Aug 07, 2018 - National Geographic Orion

Rising 260 feet above sea level, Makatea is an uplifted coral reef dating back 50 million years. Surrounded by spectacular limestone cliffs, Makatea is considered part of the Tuamotu Archipelago. It is isolated, untamed and beautiful, offering an exclusive adventure when compared to other frequently visited locations in French Polynesia. As National Geographic Orion approached this magnificent island, anticipation was tangible on board. The forecast predicted challenging conditions that could potentially disrupt disembarkation. Luckily, the weather improved, and we were able to set ashore to explore the island, its history, and geological formations.

Hiking, birding, and tours were offered, and we learned about the island’s interesting past. For decades, Makatea was a very active island due to phosphate mining. In fact, Makatea was one of the most populated islands within the Tuamotus Archipelago. After the end of the phosphate exploitation, Makatea was abandoned and only a few families remained to watch over the island. We visited a little sleepy village and “The Belvedere”, which is a vantage point that allowed us to gain a broad perspective of Makatea’s incredible geology. The highlight of the day was the unique opportunity to explore the underworld and swim in a freshwater cave, called “The Grotto.”  Makatea’s native name means pure or clear water. We had the privilege to immerse ourselves into these sacred waters, and snorkel in the cave and observe submerged geological formations like stalactites, travertines, and columns. This is a unique environment.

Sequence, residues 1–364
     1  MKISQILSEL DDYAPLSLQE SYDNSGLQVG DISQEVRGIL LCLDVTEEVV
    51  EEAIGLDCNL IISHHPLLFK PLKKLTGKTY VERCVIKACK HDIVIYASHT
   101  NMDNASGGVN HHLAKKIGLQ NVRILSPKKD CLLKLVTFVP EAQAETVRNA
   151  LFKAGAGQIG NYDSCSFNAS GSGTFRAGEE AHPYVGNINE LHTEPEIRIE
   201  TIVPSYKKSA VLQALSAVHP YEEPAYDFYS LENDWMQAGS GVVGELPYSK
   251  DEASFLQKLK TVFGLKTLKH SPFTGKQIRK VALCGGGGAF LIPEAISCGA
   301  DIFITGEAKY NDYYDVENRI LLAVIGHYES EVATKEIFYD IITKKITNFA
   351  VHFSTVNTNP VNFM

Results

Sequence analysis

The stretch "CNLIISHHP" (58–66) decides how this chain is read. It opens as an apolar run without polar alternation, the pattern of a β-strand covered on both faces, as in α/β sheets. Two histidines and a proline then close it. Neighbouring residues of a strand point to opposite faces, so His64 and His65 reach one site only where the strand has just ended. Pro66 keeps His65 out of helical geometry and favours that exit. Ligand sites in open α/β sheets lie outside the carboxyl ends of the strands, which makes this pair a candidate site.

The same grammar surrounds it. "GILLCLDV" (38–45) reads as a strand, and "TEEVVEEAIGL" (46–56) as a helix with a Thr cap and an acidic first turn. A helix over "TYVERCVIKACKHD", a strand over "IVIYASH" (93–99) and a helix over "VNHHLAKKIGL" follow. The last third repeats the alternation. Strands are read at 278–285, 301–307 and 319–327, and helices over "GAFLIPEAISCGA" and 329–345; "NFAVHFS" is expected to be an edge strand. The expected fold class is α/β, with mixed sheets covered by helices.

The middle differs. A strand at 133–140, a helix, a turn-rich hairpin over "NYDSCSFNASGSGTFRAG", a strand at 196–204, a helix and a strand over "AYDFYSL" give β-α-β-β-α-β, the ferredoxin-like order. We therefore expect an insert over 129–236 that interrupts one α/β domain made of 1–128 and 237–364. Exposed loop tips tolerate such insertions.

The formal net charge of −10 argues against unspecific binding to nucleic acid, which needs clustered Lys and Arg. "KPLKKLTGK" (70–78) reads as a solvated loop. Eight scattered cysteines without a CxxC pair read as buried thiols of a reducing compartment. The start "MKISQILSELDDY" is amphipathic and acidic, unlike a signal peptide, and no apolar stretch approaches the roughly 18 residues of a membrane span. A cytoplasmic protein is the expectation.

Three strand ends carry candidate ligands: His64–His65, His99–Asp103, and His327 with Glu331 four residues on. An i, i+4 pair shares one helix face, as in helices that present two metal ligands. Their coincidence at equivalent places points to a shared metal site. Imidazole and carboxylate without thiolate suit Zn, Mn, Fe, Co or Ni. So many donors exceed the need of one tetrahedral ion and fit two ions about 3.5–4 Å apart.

Back on board National Geographic Orion, it was time to set sail and continue our exploration heading deeper into the beautiful Tuamotu Archipelago.

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About the Author

Cristiana Damiano

Cristiana Damiano


Cristiana was born and raised in Brazil.  Being surrounded by natural beauty and diverse culture instilled her desire for exploration at a young age.  Her passion for wilderness, different cultures and inhospitable regions led her to pursue a career in ecology, oceanography and, ultimately, the pursuit of a Ph.D. in environmental sciences and coral reef ecology in Australia.  Her travels have taken her to the Amazon and Borneo jungles, the higher mountains of Southeast Asia, the Great Barrier Reef and Far Northern Reefs, Papua New Guinea villages, volcanoes in Guatemala and the deep seas in many remote islands around the globe. 

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